Non-WordPress users aren’t left in the cold, though. SiteGround, like many web hosts, includes a website builder, but it’s not a mediocre addition like we saw with 1&1 IONOS (read our 1&1 IONOS review). Rather, you have access to Weebly, which is probably the best website builder you can buy, as you can read in our Weebly review

Outside of building tools, the essentials are accounted for, including automated daily backups, a free SSL/TLS certificate, Cloudflare integration and unlimited email addresses at your domain. SiteGround includes everything, and it includes it across all plans. Though specific features are present on certain tiers, the essentials span the range.


Bluehost is as excellent when it comes to features. Out of the web hosts Endurance International Group owns, Bluehost is the most feature-rich, unlike, say, iPage (read our iPage review). That said, you often have to pay extra for those features, putting Bluehost at a slight disadvantage for this round. 

Many of the same features are present, though. With Bluehost, you can still use Weebly with your domain for free, and WordPress users still get staging. Plus, the control panel is built for WordPress, making it easier than ever to manage your website. 

weebly editor

The goodies are equal, but the essentials aren’t. Though Bluehost offers daily backups, domain privacy, an SSL/TLS certificate and spam prevention, it doesn’t offer all those features across plans. To get CodeGuard, which is a daily backup tool, domain privacy and SpamExperts, you’ll need to upgrade to the most expensive shared plan. 

That said, many of the essentials are included across tiers, which most of Bluehost’s EIG siblings can’t boast (read our FatCow review for an example). All users get daily backups and a free SSL/TLS certificate, which is more than enough to satisfy us for this round.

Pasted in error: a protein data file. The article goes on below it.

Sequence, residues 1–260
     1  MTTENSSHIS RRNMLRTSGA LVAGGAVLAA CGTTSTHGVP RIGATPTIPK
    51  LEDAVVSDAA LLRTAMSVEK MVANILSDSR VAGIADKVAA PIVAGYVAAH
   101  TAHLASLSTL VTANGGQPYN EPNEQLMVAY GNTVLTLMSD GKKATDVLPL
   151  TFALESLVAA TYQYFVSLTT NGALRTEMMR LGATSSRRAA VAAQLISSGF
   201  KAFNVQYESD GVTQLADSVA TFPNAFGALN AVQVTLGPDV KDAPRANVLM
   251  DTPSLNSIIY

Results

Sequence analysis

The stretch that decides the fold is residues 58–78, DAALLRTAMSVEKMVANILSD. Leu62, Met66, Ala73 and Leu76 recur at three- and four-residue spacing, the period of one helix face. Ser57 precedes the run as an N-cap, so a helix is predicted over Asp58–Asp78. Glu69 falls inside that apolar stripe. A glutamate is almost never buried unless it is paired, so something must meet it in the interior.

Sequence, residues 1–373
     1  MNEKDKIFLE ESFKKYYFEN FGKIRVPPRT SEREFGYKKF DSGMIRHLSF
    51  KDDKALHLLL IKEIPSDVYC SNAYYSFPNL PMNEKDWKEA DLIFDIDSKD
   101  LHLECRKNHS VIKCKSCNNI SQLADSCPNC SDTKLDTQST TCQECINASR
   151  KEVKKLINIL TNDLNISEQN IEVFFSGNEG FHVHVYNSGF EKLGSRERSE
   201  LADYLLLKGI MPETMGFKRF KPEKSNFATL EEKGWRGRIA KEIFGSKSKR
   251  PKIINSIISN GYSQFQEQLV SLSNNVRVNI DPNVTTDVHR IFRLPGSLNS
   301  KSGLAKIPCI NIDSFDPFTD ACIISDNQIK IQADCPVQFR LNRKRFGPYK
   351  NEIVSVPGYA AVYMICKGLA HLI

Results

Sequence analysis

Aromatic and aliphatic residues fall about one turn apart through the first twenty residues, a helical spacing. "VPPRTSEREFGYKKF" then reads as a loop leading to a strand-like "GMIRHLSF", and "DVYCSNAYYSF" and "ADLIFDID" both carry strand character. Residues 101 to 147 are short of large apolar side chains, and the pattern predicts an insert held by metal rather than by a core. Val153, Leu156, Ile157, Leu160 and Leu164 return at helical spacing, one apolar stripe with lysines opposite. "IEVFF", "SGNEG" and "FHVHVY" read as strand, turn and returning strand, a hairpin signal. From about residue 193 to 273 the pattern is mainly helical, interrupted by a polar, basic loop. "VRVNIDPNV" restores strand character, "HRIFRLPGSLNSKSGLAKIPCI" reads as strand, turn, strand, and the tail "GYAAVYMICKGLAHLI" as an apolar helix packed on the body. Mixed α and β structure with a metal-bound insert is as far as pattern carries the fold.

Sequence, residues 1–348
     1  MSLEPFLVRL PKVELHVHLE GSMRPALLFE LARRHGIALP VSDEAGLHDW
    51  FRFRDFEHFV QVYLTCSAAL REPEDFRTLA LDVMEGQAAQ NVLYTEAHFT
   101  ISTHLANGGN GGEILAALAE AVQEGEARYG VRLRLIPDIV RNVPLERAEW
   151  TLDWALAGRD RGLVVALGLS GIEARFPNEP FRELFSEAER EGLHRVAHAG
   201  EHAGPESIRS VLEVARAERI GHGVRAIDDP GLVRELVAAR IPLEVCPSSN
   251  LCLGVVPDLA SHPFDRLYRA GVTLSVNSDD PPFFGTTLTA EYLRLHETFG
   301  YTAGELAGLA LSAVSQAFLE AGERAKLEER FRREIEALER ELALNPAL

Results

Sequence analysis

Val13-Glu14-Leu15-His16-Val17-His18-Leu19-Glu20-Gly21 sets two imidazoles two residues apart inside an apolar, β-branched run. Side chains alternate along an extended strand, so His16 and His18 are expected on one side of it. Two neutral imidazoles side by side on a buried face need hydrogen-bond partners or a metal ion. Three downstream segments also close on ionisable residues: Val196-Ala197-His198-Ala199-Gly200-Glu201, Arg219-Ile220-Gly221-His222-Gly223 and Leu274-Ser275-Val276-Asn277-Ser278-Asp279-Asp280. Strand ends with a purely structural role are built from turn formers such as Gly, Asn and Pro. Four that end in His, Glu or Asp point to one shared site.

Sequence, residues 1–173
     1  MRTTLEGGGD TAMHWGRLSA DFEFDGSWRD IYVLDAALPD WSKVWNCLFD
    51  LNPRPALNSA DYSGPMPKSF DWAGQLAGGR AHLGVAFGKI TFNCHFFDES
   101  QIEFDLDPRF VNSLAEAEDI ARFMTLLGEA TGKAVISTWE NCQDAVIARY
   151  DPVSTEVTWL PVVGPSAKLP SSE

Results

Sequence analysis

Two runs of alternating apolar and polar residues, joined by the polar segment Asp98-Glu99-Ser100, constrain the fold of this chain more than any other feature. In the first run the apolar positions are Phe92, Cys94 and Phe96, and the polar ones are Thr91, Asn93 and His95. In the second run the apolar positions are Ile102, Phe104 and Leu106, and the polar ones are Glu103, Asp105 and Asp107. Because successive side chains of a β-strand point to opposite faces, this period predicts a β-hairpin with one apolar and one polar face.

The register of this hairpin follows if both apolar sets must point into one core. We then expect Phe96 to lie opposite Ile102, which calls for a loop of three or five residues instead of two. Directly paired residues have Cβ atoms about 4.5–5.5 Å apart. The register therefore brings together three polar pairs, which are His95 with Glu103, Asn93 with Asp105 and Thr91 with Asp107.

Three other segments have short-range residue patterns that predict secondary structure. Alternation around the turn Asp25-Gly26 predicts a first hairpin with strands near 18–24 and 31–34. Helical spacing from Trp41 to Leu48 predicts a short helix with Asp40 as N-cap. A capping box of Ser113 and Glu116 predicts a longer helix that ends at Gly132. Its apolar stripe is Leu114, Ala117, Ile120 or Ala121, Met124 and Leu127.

Round One Thoughts

This round is one of the closest we’ve had in our comparison articles because Bluehost and SiteGround go blow for blow with their features. Bluehost puts up a barrier for some features, but they’re not essential to running a website. Though we tried our best to avoid it, this round is going to have to be a tie.

Round: Features
No clear winner, points for all

2. Pricing

Web hosting is unusual when it comes to pricing. Though in, say, our best VPN services, we look at the price alone, there are more factors to consider with web hosting, namely transparency. The industry is notorious for misleading and deceptive pricing, meaning this round will not only consist of the price you’ll be paying, but also how clear that price is through checkout. 


SiteGround isn’t as transparent as, say, DreamHost when it comes to pricing, but it’s better than most (read our DreamHost review). As is the case with almost all web hosts, there’s an introductory rate that you’ll pay for the initial term, meaning your monthly price will jump when it comes time to renew.

  • : Unlimited GB
  • : Unlimited GB
  • : Unlimited
  • : 1
  • : 120 GB
  • : 5000 GB
  • : 1
  • : 1
  • : 1920 GB
  • : 10000 GB
  • : 1
  • : 1